12.1. Parsing syslog messages

By default, syslog-ng OSE parses every message using the syslog-parser as a syslog message, and fills the macros with values of the message. The syslog-parser does not discard messages: the message cannot be parsed as a syslog message, the entire message (including its header) is stored in the $MSG macro. If you do not want to parse the message as a syslog message, use the flags(no-parse) option of the source.

You can also use the syslog-parser to explicitly parse a message, or a part of a message as a syslog message (for example, after rewriting the beginning of a message that does not comply with the syslog standards).

Example 12.1. Using junctions

For example, suppose that you have a single network source that receives log messages from different devices, and some devices send messages that are not RFC-compliant (some routers are notorious for that). To solve this problem in earlier versions of syslog-ng OSE, you had to create two different network sources using different IP addresses or ports: one that received the RFC-compliant messages, and one that received the improperly formatted messages (for example, using the flags(no-parse) option). Using junctions this becomes much more simple: you can use a single network source to receive every message, then use a junction and two channels. The first channel processes the RFC-compliant messages, the second everything else. At the end, every message is stored in a single file. The filters used in the example can be host() filters (if you have a list of the IP addresses of the devices sending non-compliant messages), but that depends on your environment.

log {
    source { syslog(ip(10.1.2.3) transport("tcp") flags(no-parse)); };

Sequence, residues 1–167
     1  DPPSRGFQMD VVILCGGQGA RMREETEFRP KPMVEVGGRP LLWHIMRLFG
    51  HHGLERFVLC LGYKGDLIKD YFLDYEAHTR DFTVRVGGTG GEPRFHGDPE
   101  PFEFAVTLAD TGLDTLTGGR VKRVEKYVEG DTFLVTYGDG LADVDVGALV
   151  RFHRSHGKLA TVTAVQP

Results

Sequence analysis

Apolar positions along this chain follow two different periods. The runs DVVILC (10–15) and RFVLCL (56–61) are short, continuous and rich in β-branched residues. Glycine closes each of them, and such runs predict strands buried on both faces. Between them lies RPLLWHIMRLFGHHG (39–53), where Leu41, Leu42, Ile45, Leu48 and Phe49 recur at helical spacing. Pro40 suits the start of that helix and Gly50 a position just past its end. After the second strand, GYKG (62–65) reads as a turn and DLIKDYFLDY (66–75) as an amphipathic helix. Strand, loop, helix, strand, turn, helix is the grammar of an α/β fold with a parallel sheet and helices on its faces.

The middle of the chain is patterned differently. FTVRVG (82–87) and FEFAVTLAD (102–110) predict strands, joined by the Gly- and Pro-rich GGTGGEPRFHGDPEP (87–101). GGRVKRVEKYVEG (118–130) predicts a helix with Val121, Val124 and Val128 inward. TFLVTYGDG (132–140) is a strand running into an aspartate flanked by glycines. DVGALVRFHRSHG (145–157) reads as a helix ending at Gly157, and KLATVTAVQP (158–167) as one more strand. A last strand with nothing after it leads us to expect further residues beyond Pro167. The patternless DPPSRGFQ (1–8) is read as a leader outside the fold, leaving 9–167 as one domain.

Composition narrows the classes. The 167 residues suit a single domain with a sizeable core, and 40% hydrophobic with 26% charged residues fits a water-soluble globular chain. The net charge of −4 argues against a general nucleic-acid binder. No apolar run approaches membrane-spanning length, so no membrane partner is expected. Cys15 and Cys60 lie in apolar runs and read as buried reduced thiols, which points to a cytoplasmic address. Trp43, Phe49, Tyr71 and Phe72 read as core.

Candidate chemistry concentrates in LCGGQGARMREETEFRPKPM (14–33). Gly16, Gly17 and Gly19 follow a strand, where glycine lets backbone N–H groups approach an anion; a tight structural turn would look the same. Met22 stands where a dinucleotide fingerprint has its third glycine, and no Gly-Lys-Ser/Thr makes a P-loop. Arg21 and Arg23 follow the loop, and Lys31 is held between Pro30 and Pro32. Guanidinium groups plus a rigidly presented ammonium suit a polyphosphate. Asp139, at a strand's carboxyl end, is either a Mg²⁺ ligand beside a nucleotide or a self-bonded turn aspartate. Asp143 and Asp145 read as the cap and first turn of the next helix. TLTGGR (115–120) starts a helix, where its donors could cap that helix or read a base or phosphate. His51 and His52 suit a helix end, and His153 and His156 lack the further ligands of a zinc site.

junction {
        channel { filter(f_compliant_hosts); parser { syslog-parser(); }; };
        channel { filter(f_noncompliant_hosts); };
    };
    destination { file("/var/log/messages"); };
};

Since every channel receives every message that reaches the junction, use the flags(final) option in the channels to avoid the unnecessary processing the messages multiple times:

log {
    source { syslog(ip(10.1.2.3) transport("tcp") flags(no-parse)); };
    junction {
        channel { filter(f_compliant_hosts); parser { syslog-parser(); }; flags(final); };
        channel { filter(f_noncompliant_hosts); flags(final); };
    };
    destination { file("/var/log/messages"); };
};

Note that syslog-ng OSE has several parsers that you can use to parse non-compliant messages. You can even write a custom syslog-ng parser in Python. For details, see Chapter 12, Parsers and segmenting structured messages.

Note that by default, the syslog-parser attempts to parse the message as an RFC3164-formatted (BSD-syslog) message. To parse the message as an RFC5424-formatted message, use the flags(syslog-protocol) option in the parser.

syslog-parser(flags(syslog-protocol));